Night in Old San Antonio 2017 is Almost Ready to Kick Off

Friday 21st, April 2017 / 14:51 Written by
Night in Old San Antonio 2017 is Almost Ready to Kick Off

Night in Old San Antonio (NIOSA®) 2017 is About to Begin

Each spring, the La Villita Historic District—an 18th century Spanish neighborhood on the banks of the San Antonio River downtown—becomes A Night In Old San Antonio (NIOSA®) for four nights during the city’s Fiesta celebration. This year’s celebration takes place April 25-28, 2017. Night in Old San Antonio® celebrates the customs and cultures unique to our region and its proceeds support the community through the preservation, education and research programs of the Conservation Society. NIOSA is the top fundraiser for historic preservation in the nation. In the past ten years alone, more than $12 million has been netted at NIOSA to fund the Society’s mission. NIOSA proceeds support restoration and preservation of historic properties and parks throughout the city and neighboring counties, as well as education and advocacy programs and projects such as the Heritage Education tours, seminars, community tours, scholarships, resource library and house museums. NIOSA’s community impact totals $1.3 million annually with payments of $511,000-plus paid to the City in rental, fees, permits and taxes, and over $800,000 paid to local suppliers and entertainers.

 

What began as a one-night street festival in 1938 with a handful of costumed Society members serving food and drink from river barges, has grown into a mammoth enterprise involving over 20,000 costumed volunteers who stage and man the event in April. Over 80,000 visitors celebrate the nation’s largest preservation festival with a dozen entertainment stages and more than 240 decorated food booths in 15 heritage-themed areas. NIOSA directly benefits the city of San Antonio through rent, police, fire, trash and health inspection payments, totaling over $4.5 million since 2000.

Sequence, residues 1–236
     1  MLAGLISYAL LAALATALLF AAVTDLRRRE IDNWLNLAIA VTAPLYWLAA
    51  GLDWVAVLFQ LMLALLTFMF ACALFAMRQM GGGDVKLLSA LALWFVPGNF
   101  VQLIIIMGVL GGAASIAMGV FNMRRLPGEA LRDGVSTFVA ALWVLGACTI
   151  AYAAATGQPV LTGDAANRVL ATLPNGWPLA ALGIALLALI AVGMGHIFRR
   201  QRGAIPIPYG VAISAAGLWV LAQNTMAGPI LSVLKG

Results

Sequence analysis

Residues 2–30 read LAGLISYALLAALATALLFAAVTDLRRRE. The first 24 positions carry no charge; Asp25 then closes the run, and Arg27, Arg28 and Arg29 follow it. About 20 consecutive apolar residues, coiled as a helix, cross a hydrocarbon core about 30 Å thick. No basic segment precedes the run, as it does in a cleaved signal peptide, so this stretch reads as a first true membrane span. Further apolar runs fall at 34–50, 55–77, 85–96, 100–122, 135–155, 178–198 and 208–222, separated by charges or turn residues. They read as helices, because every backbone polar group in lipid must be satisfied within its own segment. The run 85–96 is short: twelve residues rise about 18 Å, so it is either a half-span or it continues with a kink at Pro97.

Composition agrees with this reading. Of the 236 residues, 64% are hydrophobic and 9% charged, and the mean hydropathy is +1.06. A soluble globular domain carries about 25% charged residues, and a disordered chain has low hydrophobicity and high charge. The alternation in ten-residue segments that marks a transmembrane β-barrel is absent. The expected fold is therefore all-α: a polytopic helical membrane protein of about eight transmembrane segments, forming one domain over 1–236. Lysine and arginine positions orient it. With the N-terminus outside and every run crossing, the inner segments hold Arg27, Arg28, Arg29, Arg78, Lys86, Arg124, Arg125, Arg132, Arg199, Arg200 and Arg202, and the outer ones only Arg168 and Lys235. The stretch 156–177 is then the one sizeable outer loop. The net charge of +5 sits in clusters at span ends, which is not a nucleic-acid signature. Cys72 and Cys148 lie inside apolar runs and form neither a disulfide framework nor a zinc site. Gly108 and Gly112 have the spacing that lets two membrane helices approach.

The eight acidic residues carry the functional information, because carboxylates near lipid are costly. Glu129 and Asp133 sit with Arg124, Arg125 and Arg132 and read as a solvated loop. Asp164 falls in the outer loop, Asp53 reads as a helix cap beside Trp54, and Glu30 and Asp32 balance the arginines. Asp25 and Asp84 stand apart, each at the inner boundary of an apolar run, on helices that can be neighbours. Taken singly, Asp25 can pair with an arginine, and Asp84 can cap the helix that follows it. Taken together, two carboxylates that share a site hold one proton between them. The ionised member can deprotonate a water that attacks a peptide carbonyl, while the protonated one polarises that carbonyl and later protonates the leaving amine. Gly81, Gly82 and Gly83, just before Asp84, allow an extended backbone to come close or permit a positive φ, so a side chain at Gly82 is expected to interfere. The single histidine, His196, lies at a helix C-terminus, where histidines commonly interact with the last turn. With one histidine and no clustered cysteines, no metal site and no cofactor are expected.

Printable NIOSA Map with food/entertainment

 

Night in Old San Antonio

The 15 areas presented Night in Old San Antonio include ARNESON THEATRE—an open-air theatre overlooking the San Antonio River, built by the Works Projects Administration in the late 1930s; CHINATOWN—a giant Chinese dragon greets guests for traditional Chinese cuisine; CLOWN ALLEY—for the child in everyone with games, face painting and kid foods; FRENCH QUARTER—celebrates the early French settlers of South Texas with bistro décor and gourmet cuisine; FROGGY BOTTOM—pays tribute to the city’s early African-American settlers who migrated to San Antonio from Louisiana in the mid-late 1800s; FRONTIER TOWN—the largest area at NIOSA® where San Antonio’s rugged past takes center stage; HAYMARKET—duplicates the site near San Fernando Cathedral where citizens gathered to exchange fresh produce and livestock during the Spanish Colonial period; INTERNATIONAL WALKWAY—offers foods from Italy, Greece, England and Belgium; IRISH FLAT—pays homage to Irish immigrants with Irish folk bands, sing-alongs and green beer; MAIN STREET USA— features two stages of entertainment and serves AllAmerican favorites; MEXICAN MARKET—the original area of NIOSA® celebrates the city’s strong cultural ties to Mexico with folkloric dancers, Latin rhythms, cascarones (confetti-filled eggshells), folk art and Mexican foods; MISSION TRAIL—commemorates San Antonio’s indigenous peoples and the historic missions where they lived and worked; SAUERKRAUT BEND—celebrates San Antonio’s German immigrants who built homes in the King William neighborhood along a bend in the San Antonio River; SOUTH OF THE BORDER—features the regional foods and décor of Northern Mexico and South Texas; and VILLA ESPAÑA—depicts a Spanish village with authentic Spanish dishes.

 

NIOSA also sponsors NIOSITAs (mini-NIOSAs) throughout the year for conventions, meetings and festivals—for groups from 300 and up—to raise additional funds for historic preservation. To learn more about NIOSA or NIOSITAs, visit www.niosa.org.

 

For more information on the Conservation Society and its many programs, visit www.saconservation.org or contact the Conservation Society at (210) 224-6163; fax (210) 224-6168; or conserve@saconservation.org

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